As you hopefully read earlier, I finished my Senior Thesis for my Bachelors of Science degree, in Environmental Studies, this past May. I wrote my thesis on primarily the history of herbalism, but here is my learning of 'what herbalism is'.
Hope you enjoy!
“Herbs are plants that connect us to the past, present, and future. We associate them with appetizing food, natural scents, gentle healing, peaceful gardens, beneficial crafts, intriguing history, and sacred activities. Each subject in this colorful tapestry enriches the others, but through the threads the background remains green, because the basis of all these delights is the plants themselves” [Bremness]
Within this first part of my blog, hopefully, you will come to understand the what Herbalism is, the importance of it, it’s colorful history, and present day use.
What is Herbalism?
Before the actual field of Herbalism, or study, ever existed, the plants themselves did. Around, “100 million years ago…plants dominated the areas of the earth. Into this carefully balanced creation man was honoured. His dependence on plants for the essentials of his existence has been the paramount importance as the source of nourishment and replenishment. This remains as true in the twentieth century as in the beginning” (Hutchens, xxi). This being said, herbs still play a major role in life today, whether or not someone is fully aware of this.
The most basic idea of what an herb is, comes “From earliest times, [where] humans have divided plants into two groups, the useful and the not useful…those regarded as useful depend on the environment and society in which one lives-an Amazon healer might consider 500 plants to be useful…a city dweller might know only 5” (Bremness,10). One of the earliest times I have personally read about any evidence of people using herbs as medicine is when, “Medicinal herbs were found in the personal effects of an “ice man”, whose body was frozen in the Swiss Alps for more than 5,300 years” (Wikipedia, Herbalism). An herb can broadly be defined as, like above, any medicinally useful plant, mineral, vegetable, or animal.
Herbalism, or Herbology, a more historically used and accurate term for this study, is derived from the Greek word, “Herbalogy…Herba, [meaning] grass, and Logos, [meaning] description” (Hutchens, xv). This definition, is later is narrowed, to a medicine that uses, “medicinal properties found in non-poisonous plants as used by Herbalists for prevention and correction of diseases, and in general, health tonics” (Hutchens, xv). To further add to what Herbalism can be defined as is, that, “Herbalism is a traditional medicinal or folk practice based on the use of plants…[and can] include fungal and bee products” (Wikipedia, Herbalism).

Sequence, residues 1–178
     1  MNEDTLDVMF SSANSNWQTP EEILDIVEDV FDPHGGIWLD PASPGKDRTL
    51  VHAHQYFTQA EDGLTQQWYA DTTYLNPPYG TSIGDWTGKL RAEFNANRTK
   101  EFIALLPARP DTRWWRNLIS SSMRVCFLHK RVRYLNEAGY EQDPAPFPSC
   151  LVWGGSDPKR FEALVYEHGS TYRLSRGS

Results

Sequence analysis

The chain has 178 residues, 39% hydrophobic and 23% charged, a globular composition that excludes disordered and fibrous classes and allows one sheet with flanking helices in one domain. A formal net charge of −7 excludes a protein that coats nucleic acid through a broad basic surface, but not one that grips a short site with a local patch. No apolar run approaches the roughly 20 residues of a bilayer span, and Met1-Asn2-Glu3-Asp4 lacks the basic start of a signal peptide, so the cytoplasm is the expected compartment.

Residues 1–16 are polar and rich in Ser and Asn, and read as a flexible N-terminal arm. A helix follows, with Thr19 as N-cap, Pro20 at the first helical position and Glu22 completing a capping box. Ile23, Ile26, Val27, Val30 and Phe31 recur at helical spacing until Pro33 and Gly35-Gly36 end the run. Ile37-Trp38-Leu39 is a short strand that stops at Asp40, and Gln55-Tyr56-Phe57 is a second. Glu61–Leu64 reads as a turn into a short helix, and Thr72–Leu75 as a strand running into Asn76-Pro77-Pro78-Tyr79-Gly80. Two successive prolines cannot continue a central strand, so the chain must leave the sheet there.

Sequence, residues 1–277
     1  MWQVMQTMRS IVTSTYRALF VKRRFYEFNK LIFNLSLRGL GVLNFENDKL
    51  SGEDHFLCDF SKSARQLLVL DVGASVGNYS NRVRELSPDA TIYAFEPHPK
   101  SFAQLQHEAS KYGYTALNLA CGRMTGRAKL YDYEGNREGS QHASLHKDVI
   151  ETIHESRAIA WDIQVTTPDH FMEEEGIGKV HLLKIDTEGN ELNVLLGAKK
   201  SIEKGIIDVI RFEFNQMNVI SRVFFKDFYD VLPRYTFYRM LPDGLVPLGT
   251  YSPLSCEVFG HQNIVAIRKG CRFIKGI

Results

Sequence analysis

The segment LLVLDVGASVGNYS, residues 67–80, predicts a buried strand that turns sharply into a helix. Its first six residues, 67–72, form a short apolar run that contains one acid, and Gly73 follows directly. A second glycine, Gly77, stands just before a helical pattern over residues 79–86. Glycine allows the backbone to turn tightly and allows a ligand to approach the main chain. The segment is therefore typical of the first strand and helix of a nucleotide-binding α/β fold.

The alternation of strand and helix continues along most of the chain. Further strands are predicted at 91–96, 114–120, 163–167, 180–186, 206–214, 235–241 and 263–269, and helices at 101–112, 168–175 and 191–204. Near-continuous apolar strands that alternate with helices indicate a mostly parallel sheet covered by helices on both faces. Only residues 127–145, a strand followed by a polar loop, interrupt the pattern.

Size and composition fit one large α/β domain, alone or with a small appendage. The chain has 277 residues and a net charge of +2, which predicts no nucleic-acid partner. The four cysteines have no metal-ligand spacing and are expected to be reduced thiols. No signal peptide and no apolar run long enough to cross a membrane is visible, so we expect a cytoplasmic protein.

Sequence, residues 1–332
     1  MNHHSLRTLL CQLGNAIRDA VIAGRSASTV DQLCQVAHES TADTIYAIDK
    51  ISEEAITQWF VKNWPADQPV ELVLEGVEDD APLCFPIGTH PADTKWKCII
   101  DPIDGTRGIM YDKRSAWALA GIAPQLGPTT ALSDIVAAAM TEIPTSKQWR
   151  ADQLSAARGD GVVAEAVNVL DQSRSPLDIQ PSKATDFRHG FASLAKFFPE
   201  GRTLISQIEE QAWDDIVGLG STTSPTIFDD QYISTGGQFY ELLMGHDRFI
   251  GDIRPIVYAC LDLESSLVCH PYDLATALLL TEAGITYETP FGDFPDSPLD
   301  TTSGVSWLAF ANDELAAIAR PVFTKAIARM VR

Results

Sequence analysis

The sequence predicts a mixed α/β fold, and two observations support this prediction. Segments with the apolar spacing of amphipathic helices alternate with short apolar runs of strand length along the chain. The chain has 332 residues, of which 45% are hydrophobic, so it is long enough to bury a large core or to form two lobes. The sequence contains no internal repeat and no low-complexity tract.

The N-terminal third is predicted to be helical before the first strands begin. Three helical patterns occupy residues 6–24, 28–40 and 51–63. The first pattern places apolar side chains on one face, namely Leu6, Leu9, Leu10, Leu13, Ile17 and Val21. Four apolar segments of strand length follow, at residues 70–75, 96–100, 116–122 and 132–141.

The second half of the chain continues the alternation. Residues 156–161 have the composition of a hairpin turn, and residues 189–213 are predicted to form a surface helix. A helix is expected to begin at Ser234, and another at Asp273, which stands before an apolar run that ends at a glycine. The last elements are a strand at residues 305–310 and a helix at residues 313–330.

Why is Herbalism important?
To many people, whether they are an herbalist, or just someone looking for a natural medicine, or an extra zip to give their cooking, herbs are for you. If one just takes a closer look, and studies them more, you would find a vast world of knowledge, and medicinal use. Some reasons taking herbs are important can include: becoming ill less often, but when you do get sick, becoming fully better, with no side-effects (that antibiotics or drugs cause) in a shorter period of time; treating the whole person, mentally, physically and emotionally; making a wonderful meal; and having the option of getting a natural, organic and or wildcrafted medicine (meaning it is harvested sustainably from the wild).
Bremness, Lesley. Herbs.
: Dorling Kindersley, 2002. Print. New York
"Herbalism." Wikipedia, the Free Encyclopedia. Web. 25 Oct. 2011. <http://en.wikipedia.org/wiki/Herbalism>.
Hutchens, Alma R. Indian Herbalogy of
North America. : Shambhala, 1991. Print. Boston